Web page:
Tuesday, June 28, 2016

MAYBE A FOX by Kathi Appelt.  Atheneum Books: New York, 2016.  262p.  ISBN 978-14424-82425 hc. $16.99    Gr. 4-7   JUV

Like two peas in a pod, Sylvie and Jules do everything together, expanding their close circle to their father and their favorite neighbor, Sam.  Sylvie and Jules' dad is overprotective since the loss of his wife when the girls were very young, and one of those rules is to stay away from the river.  One snowy morning, Sylvie breaks the rules and dashes down a path near the river, and disappears without a trace. What begins as contemporary juvenile fiction in Part I, morphs into Appelt's trademark fantasy genre featuring animal personification. The fox family's story begins when one of the three kits begins to gravitate from the fox den toward the human family, seeking out Jules.  There's a lot of loss and heartbreak in Jules' family for her mother and sister.  In Sam's family, his older brother tries to cope with life after combat and the loss of his best friend.  The survivors try to come to resolution with death so they can go on with life...and the young fox plays an important role.  There's a little mystery, a little mysticism, and a few surprises for readers.  By the way, tears are guaranteed to flow while reading this tender story.
Lynette Suckow, Superiorland Preview Center, Marquette, MI

Tuesday, June 21, 2016

X: A NOVEL by Ilyasah Shabazz and Kekla Magoon. Somerville, MA: Candlewick Press, 2015. 384p. ISBN 9780763669676 hc. $16.99   Gr. 9-12   TEEN FIC
Categorized as historical fiction, X: A NOVEL is the storyteller’s version of Malcom X’s biography.  The book is written by Malcolm Little’s daughter, who had knowledge of family stories, along with Magoon, award winning author of young adult novels, which may explain why this book was crafted as a work of fiction.  The story, told in first person narrative, covers the years from 1930 to 1948, flashing back to Little’s childhood surrounded by family in Lansing, Michigan during the Great Depression.  His traditional upbringing disintegrates with the loss of Malcolm’s father, the redistribution of the family by social services, and his experiences in foster care.  As a teen, he becomes involved in illegal activities and heads out to the east coast, ending up in Harlem and finally in prison.  With the help of the authors, Malcolm’s story becomes more than just a case study in American history.  It’s a story full of childhood memories and emotions experienced by a young black man in segregated America, leaving clues as to why he transformed into Civil Rights leader, Malcolm X, in his later years.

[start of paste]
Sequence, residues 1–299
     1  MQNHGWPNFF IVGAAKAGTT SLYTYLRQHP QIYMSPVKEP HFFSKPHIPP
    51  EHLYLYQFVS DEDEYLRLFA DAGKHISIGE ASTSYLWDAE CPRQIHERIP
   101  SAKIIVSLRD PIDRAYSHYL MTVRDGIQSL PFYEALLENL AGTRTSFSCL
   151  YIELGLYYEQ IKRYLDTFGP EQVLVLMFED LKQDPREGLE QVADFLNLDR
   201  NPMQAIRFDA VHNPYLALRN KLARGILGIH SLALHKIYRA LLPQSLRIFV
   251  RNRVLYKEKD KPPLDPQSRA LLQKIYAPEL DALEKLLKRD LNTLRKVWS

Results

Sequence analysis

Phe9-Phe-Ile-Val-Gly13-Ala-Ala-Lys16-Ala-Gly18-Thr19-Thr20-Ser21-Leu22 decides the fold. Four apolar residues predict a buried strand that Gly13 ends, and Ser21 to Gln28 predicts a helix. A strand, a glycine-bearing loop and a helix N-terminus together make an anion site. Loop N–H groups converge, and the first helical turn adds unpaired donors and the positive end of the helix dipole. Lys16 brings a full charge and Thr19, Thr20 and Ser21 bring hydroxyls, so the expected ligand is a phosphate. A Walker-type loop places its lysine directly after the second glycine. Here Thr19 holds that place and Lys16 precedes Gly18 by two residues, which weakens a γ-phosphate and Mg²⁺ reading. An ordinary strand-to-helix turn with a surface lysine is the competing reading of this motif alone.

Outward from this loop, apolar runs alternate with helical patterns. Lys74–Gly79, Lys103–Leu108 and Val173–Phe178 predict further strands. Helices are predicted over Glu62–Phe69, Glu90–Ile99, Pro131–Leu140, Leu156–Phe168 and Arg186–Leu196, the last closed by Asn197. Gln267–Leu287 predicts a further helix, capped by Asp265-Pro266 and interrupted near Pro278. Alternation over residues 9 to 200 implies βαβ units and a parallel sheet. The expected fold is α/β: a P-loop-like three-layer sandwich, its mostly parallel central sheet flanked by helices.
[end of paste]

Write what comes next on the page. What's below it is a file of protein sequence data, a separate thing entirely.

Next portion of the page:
Lynette Suckow, Superiorland Preview Center, Marquette, MI

Tuesday, June 14, 2016

SALT TO THE SEA by Ruta Sepetys. New York:  Penguin Young Readers, 2016.  400p.  ISBN 9780399160301 hc. $18.99  Gr. 7-12  YA FIC

The recipe for great historical fiction begins with an author who just happened to be doing some family research and discovered the sinking of the ocean liner, Wilhelm Gustloff, near the end of World War II (1945), an incident that is not well known by Americans.  Add four substantial characters with different backgrounds and perspectives (and secrets of their own) who each tell their tales, filling in bits of history to make the story complete. Florian, Joana, and Emilia are all refugees who end up traveling together to reach the northern coast of Poland, where they can board a ship to Germany - and safely.  The journey is arduous, especially for Emilia whose pregnancy becomes more apparent with every day, and forces them to modify the social and moral boundaries of their previous lives.  The fourth character is Alfred, a young follower of Hitler and a bully, who thinks he’s finally found his place in the world as a Nazi supporter.  Four stories intertwine to narrate the suspenseful journey through occupied territory to gain a chance for survival on the refugee ship.  In addition to the historical information at the back of the book, learn more about the Wilhelm Gustloff at www.wilhelmgustloff.com.
Lynette Suckow, Superiorland Preview Center, Marquette, MI

Tuesday, June 7, 2016

FLYING FROGS AND WALKING FISH by Steve Jenkins and Robin Page.  New York: Houghton Mifflin Harcourt Publishing, 2016.  32p. ISBN 978-0544-630901 hc. $17.99     Gr. 1-4     E PIC

How do animals move from place to place?  By walking, jumping, diving, climbing, slithering, gliding, pulsing, and more, animal species move on land, in the water, and through the air.  Jenkins and Page make it easy to learn scientific facts about locomotion with short bits of text next to every cut-paper collage.  Find additional information about each critter in the back of the book, listed in the order they appear in the book, accompanied by a miniature illustration for cross reference.
Lynette Suckow, Superiorland Preview Center, Marquette, MI  49855